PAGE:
• The National Basketball Association (NBA) put up a circular kiosk, outfitted with a TelePresence screen, during a fan appreciation event in Phoenix. Fans were able to talk live with their favorite players, in a “you are there” setting.

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Cisco @ NAB: TweetChat Series

Broadcast industry professionals are going into this year’s NAB show amid a number of challenges to content lifecycles, monetization and copyrights. To think! The “digital transition” was less than two years ago, but already it’s a distant memory, eclipsed by the rise of national broadband networks -- which, in turn, turned up the heat on over-the-top video and today’s TV Everywhere trends on tablets, smartphones and PCs. Who gets to define the “where” in TV Everywhere, anyway? Speaking of serving video to multiple screens -- is it time to better integrate the digital life cycle of content?

Let’s discuss some of these questions with our Videos Solutions Marketing Managers in Cisco’s NAB TweetChat.  Please feel free to send any questions or topics of interest to @CiscoSPVideo.

When?

  • Pre-NAB Session: Friday, April 8, 9-9:30 am PDT (12-12:30 pm EDT)
  • Post-NAB Session: Friday, April 22, 9-9:30 am PDT (12-12:30 pm EDT)

How?
On the day of the event, login to http://tweetchat.com/ and follow the #ciscospchat hashtag. To join the chat, visit http://tweetchat.com/room/ciscospchat

Alternatively, you can use your favorite Twitter client (such as TweetGrid, TweetDeck)  or TwitterSearch to follow the chat hashtag #ciscospchat.  During the event, you can follow the discussion, contribute questions, and submit your own comments by using the same hashtag.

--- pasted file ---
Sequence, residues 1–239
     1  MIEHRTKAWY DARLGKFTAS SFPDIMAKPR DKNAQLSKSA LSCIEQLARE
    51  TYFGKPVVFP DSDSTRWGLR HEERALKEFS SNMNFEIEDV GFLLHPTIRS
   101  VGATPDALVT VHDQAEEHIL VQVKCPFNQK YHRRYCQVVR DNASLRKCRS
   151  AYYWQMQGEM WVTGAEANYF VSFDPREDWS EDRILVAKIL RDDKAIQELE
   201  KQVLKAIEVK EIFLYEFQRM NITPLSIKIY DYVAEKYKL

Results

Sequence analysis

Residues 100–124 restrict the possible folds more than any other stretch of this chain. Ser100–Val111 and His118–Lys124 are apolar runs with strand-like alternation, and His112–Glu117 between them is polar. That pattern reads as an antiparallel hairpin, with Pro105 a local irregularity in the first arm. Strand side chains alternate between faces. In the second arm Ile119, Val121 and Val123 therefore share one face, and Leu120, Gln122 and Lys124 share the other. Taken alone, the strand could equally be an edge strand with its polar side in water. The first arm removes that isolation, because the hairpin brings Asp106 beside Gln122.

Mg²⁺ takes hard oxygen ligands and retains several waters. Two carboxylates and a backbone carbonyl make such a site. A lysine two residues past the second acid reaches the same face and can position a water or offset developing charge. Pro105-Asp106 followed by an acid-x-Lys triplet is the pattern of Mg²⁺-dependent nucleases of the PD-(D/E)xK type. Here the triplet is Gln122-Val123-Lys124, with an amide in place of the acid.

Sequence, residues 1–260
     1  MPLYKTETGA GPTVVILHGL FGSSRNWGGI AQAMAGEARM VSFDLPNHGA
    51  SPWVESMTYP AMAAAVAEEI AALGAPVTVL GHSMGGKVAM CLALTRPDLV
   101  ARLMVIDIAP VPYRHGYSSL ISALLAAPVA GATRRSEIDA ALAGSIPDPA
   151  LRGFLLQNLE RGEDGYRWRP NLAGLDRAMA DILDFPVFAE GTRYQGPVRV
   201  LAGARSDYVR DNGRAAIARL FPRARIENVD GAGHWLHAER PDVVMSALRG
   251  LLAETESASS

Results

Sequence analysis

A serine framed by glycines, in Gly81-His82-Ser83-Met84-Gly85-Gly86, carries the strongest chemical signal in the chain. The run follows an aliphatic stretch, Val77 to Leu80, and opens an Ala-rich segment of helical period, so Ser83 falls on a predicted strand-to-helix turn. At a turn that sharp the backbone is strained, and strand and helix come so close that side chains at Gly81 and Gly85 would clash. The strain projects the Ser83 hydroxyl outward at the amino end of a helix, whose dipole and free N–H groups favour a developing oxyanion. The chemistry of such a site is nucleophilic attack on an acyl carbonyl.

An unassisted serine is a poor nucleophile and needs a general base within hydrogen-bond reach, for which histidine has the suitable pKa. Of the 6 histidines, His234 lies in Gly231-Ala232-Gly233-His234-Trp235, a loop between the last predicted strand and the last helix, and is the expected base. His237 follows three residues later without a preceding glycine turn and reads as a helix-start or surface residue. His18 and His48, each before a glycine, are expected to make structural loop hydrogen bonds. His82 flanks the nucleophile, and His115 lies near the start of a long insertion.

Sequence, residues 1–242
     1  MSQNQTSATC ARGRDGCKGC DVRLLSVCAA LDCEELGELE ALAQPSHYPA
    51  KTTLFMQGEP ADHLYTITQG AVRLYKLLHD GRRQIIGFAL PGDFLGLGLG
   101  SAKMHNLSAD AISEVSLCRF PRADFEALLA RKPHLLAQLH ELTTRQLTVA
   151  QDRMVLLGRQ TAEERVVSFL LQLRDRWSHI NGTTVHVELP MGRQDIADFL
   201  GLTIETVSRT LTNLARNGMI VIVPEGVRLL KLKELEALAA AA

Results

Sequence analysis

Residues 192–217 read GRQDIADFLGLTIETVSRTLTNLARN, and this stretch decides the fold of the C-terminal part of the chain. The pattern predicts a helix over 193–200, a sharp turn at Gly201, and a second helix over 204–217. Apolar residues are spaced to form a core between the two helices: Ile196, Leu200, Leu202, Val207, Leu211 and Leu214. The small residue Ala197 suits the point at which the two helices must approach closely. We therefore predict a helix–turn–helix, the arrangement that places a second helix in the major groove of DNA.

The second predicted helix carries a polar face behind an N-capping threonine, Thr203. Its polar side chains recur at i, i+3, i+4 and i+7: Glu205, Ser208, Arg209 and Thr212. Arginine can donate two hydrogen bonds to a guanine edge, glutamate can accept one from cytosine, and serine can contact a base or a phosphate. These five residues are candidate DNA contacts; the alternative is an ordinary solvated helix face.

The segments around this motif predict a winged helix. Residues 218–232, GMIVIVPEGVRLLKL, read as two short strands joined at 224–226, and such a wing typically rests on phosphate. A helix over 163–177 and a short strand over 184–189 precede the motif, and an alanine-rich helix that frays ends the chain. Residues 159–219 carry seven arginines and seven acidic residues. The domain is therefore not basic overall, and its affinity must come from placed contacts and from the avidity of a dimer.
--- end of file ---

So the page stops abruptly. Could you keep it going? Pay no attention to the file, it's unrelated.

Who?
The session will be hosted by @CiscoSPVideo managed by the Cisco Service Provider Marketing team.

  • Sachin Sathaye, Service Provider Marketing Manager, Video Solutions,  @sachinsathaye
  • Marcia Bana Tonetto, Service Provider Marketing Manager, Video Solutions, @marciabana
  • Ran Chen, Service Provider Marketing Manager, Video Solutions, @ran2877

Questions / Comments?
Please email us at csco_sp@external.cisco.com. Feel free to send us questions or topics you’d like to hear addressed!

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The Future of Television: Sweeping Change at Breakneck Speed

Have you ever wished you could watch the news on the bathroom mirror while you get ready for work? Wave your hand to order a pizza from an irresistible commercial? Not only watch shows, but smell, feel, and taste them, too? Turn your TV viewing into an immersive experience that allows you to engage with characters outside of the storyline and see additional scenes based on your profile and preferences? Well, you might be able to do these things and more in the not-too-distant future.

Cisco Internet Business Solutions Group (IBSG) interviewed 50 TV experts and examined three industry drivers -- technology, consumer behavior, and business models -- to paint a picture of what the future of TV will look like. Our point of view offers the first holistic vision of the future across all key dimensions of the television industry and sheds new light on the likelihood and timing of innovation.

Today, I unveiled our predictions on what the future of television might look like during my keynote presentation at OTTCon -- a trade show that hosts executives from the most innovative technology, media, and entertainment companies including PayTV operators, content producers, consumer electronics manufacturers, media aggregators and service providers.